By Erin Gallagher
Tomorrow is officially the first day of summer, though for those of us in central Florida, that day came long, long before June 21st of this year. Here are examples of how people around the world will be celebrating the longest day of the year. How will you spend the solstice? Soaking up the sun? Catching up on some reading? Joining hands with someone dressed in an elk costume and chanting in a ring around Stonehenge? Whatever your plans may be, enjoy.
Patron/demand/usage-driven acquisition (PDA/DDA/UDA/Pick your acronym of choice) has been a hot topic for over a decade now, evolving from pilot program to proven method of collection development for academic libraries around the globe. Perhaps it was inevitable that this “golden model” would start to raise red flags among publishers who are experiencing low print sales and whose cushy profit predictions are no longer guaranteed. Listservs, blogs, and the scholarly news cycles have been angrily abuzz after press releases were issued from two major ebook aggregators (EBL and ebrary), stating that several major publishers would increase the pricing on their short-term loan (STL) models. An understandable backlash ensued, as many libraries have invested some, much, or all of their collection development budgets in some form of DDA.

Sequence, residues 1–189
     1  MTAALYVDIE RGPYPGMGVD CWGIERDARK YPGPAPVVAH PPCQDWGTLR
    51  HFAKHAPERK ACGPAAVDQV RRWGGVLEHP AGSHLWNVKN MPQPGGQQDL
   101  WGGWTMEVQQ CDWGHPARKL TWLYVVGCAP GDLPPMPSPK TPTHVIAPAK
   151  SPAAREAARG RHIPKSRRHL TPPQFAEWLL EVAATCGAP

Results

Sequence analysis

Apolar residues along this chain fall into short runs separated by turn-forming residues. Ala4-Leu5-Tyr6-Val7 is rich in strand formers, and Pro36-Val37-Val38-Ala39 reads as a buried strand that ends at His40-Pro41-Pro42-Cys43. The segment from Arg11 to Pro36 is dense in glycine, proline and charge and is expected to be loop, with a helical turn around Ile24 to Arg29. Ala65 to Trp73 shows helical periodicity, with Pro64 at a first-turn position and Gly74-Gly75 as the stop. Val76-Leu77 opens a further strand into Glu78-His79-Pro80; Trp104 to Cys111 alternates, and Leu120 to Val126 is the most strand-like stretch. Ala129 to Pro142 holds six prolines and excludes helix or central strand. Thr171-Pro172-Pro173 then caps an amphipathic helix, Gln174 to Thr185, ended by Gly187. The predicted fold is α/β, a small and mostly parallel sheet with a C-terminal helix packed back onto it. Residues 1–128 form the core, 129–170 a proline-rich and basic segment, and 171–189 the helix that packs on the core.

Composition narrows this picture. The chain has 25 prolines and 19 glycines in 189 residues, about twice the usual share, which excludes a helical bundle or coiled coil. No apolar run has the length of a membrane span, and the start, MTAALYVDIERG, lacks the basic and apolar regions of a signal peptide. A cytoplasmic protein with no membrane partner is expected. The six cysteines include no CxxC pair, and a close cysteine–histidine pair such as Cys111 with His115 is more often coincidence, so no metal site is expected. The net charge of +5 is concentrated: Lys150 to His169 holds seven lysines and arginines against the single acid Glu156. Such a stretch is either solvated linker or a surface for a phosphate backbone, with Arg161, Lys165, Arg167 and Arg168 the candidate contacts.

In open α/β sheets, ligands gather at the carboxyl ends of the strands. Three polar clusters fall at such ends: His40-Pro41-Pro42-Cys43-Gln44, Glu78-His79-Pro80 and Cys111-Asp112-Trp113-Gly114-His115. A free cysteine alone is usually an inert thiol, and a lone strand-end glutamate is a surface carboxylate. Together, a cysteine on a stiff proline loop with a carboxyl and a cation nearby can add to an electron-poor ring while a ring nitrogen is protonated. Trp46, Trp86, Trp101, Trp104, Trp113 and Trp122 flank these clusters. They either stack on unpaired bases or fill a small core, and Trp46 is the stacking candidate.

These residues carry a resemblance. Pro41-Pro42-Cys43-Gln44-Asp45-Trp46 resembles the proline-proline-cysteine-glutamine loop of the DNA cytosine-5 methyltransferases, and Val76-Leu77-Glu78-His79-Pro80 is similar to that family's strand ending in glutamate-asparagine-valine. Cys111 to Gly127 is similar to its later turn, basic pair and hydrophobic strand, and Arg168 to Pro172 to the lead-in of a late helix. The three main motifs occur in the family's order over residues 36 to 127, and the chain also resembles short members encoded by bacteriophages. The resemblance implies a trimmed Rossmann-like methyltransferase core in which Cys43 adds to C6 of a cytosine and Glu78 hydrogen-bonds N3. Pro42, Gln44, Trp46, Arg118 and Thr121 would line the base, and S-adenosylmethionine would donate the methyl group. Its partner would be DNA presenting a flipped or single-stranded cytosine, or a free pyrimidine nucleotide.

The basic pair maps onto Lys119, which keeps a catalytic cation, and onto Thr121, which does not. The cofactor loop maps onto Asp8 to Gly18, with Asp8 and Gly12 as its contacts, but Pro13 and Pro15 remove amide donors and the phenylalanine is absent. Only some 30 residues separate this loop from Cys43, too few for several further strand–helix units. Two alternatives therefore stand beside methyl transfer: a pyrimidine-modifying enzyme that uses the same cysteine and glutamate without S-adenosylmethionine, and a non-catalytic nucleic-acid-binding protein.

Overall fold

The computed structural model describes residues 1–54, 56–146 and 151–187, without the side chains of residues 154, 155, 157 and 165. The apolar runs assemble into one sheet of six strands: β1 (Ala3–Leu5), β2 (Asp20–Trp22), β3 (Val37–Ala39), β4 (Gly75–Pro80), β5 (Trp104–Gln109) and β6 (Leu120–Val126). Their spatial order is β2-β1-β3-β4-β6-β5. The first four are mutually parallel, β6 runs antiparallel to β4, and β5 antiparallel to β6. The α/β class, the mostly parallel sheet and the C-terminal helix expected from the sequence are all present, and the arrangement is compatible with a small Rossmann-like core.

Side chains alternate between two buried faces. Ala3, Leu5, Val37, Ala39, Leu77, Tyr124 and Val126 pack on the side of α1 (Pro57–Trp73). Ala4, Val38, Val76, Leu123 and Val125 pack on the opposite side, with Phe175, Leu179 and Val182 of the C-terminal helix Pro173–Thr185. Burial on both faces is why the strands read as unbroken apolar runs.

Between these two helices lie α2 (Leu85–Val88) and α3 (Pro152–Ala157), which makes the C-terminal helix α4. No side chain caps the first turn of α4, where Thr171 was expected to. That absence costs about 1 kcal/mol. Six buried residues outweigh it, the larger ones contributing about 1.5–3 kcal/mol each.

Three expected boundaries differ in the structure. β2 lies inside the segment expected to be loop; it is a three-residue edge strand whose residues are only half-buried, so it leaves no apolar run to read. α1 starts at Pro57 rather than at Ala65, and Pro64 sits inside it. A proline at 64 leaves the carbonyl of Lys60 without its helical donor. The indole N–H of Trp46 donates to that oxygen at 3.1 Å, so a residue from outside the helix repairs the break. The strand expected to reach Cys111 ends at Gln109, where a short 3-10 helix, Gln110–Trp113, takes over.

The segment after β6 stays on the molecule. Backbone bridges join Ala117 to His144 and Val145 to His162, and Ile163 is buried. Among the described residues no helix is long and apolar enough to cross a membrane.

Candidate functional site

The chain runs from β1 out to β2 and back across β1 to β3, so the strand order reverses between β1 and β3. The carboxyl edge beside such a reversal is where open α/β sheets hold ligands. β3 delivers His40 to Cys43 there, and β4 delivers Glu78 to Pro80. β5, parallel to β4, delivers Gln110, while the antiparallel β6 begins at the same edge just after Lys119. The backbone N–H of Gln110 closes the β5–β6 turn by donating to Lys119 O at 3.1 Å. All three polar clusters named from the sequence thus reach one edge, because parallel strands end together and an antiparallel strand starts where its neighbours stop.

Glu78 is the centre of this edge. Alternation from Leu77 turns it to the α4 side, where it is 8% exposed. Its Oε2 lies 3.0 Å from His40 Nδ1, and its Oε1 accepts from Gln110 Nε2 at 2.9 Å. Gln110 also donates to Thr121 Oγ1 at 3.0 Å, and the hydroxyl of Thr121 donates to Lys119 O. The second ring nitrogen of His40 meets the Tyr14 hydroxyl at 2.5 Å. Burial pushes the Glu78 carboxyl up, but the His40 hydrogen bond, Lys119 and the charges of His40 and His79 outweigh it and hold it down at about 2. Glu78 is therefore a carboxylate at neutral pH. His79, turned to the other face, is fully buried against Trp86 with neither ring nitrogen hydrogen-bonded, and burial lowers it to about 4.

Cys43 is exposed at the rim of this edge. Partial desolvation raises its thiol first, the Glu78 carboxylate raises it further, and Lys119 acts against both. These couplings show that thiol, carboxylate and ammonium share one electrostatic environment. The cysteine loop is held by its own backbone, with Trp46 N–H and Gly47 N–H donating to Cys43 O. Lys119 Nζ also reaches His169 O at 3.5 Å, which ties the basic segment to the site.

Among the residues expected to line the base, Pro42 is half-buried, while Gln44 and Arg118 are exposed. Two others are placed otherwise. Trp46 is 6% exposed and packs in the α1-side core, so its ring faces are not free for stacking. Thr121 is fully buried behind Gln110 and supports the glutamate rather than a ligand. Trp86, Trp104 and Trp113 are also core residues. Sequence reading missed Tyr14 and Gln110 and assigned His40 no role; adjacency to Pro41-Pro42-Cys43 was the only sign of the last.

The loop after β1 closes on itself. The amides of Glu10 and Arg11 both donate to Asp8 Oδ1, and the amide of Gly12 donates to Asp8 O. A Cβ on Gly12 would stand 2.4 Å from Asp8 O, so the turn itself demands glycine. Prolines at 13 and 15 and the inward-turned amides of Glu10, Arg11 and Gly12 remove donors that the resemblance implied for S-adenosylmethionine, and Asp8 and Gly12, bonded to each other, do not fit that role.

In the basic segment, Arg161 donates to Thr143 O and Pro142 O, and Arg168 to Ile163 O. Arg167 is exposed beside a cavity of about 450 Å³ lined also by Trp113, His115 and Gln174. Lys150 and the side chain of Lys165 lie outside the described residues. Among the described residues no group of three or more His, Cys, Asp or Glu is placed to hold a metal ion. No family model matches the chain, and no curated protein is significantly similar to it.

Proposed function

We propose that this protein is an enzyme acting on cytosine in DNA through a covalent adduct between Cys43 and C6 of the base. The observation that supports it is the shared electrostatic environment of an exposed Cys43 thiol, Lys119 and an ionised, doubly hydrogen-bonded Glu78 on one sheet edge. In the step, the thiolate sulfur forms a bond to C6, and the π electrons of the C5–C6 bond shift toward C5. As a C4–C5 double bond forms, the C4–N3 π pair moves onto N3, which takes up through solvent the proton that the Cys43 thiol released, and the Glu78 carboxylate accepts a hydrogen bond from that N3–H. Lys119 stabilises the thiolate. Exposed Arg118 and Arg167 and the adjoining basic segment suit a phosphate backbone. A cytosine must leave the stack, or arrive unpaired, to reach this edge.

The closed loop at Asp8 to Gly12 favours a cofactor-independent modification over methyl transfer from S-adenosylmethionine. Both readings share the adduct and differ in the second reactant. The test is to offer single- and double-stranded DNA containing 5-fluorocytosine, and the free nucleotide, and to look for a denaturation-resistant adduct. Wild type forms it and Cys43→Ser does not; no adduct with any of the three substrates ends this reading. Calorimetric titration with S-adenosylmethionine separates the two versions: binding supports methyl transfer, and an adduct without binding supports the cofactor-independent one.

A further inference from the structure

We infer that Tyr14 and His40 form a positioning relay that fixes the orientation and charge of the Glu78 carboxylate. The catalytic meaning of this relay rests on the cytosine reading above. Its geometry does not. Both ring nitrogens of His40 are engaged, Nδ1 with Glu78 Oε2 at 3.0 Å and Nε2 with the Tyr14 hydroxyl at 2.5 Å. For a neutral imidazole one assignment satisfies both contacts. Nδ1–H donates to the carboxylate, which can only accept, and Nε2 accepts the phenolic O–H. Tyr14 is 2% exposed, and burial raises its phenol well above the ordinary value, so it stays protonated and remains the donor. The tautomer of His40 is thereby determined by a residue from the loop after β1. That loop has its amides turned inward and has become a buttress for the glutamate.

The most eloquent and hotly-discussed response came in the form of a letter published in the Chronicle of Higher Education from the Boston Library Consortium. The BLC articulated the exasperation of the academic library community and called this move a form of “predatory pricing”. In other words, now that libraries have deposited most of their eggs in one basket, publishers can start pricing on a Faberge-egg level.
Earlier this week, the Chronicle published another piece on the STL price hikes, pointing out (accurately so) that these are yet more skirmishes in the ongoing battle between libraries and publishers. Regardless of which side of the fence you may fall, decisions on pricing, digital rights management, and licensing of e-content often seem to be made in vacuum, both on the library side and the publishing side. Publishers say, “We need to make money!” Libraries say, “We don’t have any money!” Vendors say, “Hey, don’t shoot the messenger!” Isn’t it time for someone to wave a white flag and say, “Let’s figure this out together”?